Should I Be Concerned About a Credit Card Denial?

Dec 6, 2015

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TPG reader Nate sent me a message on Facebook to ask about credit card applications:

“My credit score is excellent, though I do have a number of hard credit inquires on my report from previous card applications. I got denied for the first time recently (by Capital One). Should I be worried about my ability to open new accounts moving forward?”

Rewards credit cards are a great way to boost your loyalty account balances. To make sure you can get in on the top sign-up bonus offers, it’s important to manage your credit score and have a good application strategy. However, no matter how careful you are, your applications may still be denied from time to time, and it’s usually nothing to worry about.

While card issuers process applications differently, there’s generally a limit to how many accounts you can have and how much total credit they’re willing to extend you. Capital One may have decided Nate was too much of a risk due to his other recent credit inquiries. While getting denied for any reason is disappointing, having too many inquiries now shouldn’t affect your ability to get other cards down the line. You might just need to wait a while before opening any new accounts. Once the older inquiries drop from your credit report, your future applications should go through.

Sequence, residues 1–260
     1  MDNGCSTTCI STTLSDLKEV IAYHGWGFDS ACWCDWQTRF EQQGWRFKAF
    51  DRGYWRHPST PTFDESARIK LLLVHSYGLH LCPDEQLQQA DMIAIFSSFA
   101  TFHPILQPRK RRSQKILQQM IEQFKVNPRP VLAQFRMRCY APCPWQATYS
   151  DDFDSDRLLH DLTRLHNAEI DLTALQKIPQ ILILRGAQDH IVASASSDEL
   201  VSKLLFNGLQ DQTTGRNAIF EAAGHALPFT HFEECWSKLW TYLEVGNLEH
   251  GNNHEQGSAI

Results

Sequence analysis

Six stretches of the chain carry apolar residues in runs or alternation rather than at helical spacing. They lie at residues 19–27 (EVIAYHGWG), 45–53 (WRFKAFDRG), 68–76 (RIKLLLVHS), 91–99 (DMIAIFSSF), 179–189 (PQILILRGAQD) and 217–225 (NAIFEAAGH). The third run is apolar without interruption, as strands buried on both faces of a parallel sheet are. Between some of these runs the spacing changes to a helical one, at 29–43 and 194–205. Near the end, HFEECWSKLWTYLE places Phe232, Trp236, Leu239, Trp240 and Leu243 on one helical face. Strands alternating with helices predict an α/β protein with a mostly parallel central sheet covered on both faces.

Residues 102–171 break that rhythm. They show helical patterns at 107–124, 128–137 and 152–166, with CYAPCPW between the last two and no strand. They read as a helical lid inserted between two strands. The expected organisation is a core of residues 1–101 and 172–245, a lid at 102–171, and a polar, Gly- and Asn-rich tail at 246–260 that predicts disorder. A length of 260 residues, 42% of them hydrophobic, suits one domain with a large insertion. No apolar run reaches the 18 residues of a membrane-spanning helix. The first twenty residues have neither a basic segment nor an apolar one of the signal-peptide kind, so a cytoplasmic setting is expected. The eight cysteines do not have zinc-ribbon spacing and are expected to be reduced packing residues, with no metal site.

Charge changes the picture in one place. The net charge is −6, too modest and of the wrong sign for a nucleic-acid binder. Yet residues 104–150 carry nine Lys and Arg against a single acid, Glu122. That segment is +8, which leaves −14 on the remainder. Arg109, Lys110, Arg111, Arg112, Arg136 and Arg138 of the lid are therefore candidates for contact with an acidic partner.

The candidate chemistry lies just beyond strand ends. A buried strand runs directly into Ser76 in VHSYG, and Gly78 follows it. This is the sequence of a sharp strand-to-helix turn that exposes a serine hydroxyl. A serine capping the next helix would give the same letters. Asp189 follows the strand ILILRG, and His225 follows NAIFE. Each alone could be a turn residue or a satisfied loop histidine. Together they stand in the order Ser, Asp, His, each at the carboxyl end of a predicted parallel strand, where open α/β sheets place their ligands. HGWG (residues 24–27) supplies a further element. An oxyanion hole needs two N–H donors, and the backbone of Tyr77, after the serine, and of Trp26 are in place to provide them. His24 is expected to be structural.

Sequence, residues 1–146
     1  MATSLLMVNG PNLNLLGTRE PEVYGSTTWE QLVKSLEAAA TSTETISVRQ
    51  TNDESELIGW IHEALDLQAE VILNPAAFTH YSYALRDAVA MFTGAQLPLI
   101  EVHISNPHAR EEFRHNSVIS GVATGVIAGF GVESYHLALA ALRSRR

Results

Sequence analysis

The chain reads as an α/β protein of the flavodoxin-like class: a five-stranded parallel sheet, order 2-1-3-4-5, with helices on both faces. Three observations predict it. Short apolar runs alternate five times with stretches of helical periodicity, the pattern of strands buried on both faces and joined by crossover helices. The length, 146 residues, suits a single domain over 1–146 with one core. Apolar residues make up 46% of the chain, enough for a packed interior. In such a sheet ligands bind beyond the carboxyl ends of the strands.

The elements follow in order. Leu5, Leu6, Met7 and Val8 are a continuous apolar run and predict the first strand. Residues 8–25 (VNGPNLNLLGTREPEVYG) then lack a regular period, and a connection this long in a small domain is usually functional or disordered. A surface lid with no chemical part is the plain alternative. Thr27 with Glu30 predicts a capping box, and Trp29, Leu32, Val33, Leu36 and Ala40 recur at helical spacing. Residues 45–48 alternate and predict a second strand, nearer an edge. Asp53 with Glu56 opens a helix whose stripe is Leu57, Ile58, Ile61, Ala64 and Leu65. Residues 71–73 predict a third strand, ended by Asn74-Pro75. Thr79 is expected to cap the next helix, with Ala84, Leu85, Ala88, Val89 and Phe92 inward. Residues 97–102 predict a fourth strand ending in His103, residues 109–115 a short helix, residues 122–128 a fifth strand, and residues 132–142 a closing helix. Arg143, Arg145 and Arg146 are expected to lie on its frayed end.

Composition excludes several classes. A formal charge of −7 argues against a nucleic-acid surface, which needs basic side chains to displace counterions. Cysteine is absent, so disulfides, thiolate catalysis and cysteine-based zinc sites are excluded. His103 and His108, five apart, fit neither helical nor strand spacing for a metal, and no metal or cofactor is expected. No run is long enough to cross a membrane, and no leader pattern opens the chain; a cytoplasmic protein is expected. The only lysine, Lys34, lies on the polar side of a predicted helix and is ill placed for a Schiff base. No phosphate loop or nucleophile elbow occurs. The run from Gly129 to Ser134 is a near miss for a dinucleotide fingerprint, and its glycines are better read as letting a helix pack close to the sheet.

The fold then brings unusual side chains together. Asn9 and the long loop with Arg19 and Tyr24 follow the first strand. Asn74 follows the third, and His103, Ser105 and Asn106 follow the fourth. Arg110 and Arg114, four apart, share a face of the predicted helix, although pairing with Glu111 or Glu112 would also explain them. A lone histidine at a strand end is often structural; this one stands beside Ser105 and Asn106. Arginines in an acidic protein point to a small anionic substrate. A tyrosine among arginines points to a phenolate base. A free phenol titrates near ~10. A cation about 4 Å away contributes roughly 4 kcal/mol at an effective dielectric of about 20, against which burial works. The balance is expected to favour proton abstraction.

If your credit card application is denied (or even if it’s just not approved instantly), it’s worth calling for reconsideration. Many applications are fielded by automated systems that are likely to turn you down for having a high number of recent inquiries. However, a live agent will have more latitude to approve you by shifting credit lines or closing unused accounts to make room for the new one.

Image courtesy of Shutterstock.
Customer service may be able to approve your card application even when it’s denied initially. Image courtesy of Shutterstock.

It’s hard to say why Nate was denied without knowing the full details of his finances, but it’s probably no cause for concern in the long run. Card issuers should send a letter explaining the factors that led to your application being denied, so keep an eye out for that. If your denial is truly out of left field, it’s worth checking your credit report thoroughly to make sure everything is in order, as an accidental missed payment or high balance could throw up a red flag.

For more info on managing your credit score and getting approved for card applications, check out these posts:

If you have any other questions, please tweet me @thepointsguy, message me on Facebook or send me an email at

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